Don’t make stadiums a sports information vacuum
Washington sports history was about to be made Sept. 9, the first Monday night NFL game of the season. While Redskins quarterback Robert Griffin III was returning to the field from offseason knee surgery, another D.C.-based athlete, Nationals pitcher Gio Gonzalez, flirted with the franchise’s first no-hitter.
It was the same situation in the Ravens’ M&T Bank Stadium six days later. Trying to crawl back into the pennant race, the Orioles were playing a close game in Toronto. But the 71,098 fans attending the game would have little clue that their hometown Orioles were working toward a 3-1 win.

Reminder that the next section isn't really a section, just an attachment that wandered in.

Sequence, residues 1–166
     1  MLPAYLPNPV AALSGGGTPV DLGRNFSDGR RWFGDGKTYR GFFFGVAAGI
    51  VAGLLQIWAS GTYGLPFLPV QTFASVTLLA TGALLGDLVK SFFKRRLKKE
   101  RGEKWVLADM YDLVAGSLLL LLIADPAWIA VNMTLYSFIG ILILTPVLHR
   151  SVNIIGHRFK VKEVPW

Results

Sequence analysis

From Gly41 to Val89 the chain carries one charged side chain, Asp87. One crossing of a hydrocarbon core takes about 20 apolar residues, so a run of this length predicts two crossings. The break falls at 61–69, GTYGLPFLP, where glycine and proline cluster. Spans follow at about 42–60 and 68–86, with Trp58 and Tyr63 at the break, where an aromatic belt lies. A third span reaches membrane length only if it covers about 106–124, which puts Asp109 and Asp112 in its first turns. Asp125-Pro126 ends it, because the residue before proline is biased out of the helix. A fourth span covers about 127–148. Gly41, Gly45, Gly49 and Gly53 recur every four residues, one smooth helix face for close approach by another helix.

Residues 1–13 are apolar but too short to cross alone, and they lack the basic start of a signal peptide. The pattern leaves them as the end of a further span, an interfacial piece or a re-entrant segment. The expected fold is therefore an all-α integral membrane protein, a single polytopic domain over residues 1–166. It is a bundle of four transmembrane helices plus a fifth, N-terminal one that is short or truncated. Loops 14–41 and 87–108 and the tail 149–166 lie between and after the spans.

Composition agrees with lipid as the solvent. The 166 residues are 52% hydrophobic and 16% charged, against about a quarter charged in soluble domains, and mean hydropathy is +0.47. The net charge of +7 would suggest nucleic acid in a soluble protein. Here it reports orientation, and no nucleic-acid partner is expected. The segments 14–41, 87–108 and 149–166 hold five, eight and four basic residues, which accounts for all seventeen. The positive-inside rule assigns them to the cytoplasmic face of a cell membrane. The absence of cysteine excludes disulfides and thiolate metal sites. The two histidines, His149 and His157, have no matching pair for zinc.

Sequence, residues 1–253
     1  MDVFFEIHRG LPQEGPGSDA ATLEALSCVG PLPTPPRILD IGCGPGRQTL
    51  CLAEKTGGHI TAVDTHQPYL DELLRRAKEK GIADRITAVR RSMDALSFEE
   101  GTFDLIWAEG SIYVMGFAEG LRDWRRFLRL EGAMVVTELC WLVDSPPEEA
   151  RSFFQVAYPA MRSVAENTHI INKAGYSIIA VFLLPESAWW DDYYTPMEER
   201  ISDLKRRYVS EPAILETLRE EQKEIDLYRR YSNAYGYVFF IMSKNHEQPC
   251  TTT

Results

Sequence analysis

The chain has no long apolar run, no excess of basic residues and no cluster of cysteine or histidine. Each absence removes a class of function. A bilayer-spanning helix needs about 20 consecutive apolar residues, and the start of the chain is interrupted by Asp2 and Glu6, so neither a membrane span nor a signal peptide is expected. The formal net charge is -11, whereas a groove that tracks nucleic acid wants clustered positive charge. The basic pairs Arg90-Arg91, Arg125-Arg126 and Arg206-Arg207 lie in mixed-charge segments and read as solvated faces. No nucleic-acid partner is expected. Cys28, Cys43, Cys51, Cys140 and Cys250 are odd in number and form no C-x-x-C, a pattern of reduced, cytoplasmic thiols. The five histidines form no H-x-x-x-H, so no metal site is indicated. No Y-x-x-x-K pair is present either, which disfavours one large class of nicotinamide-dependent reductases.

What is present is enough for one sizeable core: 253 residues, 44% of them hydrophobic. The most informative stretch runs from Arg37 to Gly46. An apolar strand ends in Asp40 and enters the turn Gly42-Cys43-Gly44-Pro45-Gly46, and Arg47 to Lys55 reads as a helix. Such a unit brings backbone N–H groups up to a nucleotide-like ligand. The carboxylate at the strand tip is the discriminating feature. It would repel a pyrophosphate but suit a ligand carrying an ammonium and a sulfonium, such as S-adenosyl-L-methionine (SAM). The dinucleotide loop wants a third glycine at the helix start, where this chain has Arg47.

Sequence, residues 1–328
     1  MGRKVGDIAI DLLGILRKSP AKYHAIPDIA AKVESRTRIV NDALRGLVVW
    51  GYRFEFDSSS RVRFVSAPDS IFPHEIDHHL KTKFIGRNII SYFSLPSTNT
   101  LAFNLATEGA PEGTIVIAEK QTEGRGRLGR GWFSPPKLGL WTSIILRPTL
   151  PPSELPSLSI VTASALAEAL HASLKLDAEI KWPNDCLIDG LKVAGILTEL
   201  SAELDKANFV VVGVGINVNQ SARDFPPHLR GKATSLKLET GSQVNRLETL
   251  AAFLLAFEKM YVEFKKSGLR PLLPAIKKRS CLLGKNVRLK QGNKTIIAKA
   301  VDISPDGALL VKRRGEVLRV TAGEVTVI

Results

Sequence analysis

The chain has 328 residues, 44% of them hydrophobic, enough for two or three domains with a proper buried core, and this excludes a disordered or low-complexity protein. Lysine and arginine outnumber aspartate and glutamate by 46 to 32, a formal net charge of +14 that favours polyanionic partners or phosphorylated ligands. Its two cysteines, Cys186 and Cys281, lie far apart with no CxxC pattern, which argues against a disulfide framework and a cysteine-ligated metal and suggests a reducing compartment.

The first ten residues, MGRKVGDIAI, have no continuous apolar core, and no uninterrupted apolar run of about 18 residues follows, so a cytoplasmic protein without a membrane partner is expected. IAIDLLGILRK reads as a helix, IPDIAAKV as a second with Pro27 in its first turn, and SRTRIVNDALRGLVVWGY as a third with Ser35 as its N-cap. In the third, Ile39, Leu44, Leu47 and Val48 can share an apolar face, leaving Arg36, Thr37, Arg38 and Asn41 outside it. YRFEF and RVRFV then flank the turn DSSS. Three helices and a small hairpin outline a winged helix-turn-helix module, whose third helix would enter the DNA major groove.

“We don’t usually provide scores of other sports,” a Ravens spokesman emailed days later.
The Ravens kept an updated running scroll of all NFL games that day, complete with statistics. But they ignored their neighbor.
It’s no surprise that these games cater to the NFL — the football teams’ popularity is the only reason so many people attend these games. But most of the attendees are sports fans — or, more specifically, Baltimore sports fans and Washington sports fans. They are there to focus on the Ravens and Redskins. But many would appreciate knowing what’s happening with the other sports franchises in their town. Cell coverage in both stadiums is not good enough to stay updated on other scores. It’s hard to see how quick updates during breaks in play — the same updates fans at home could get — would harm the NFL’s at-game experience.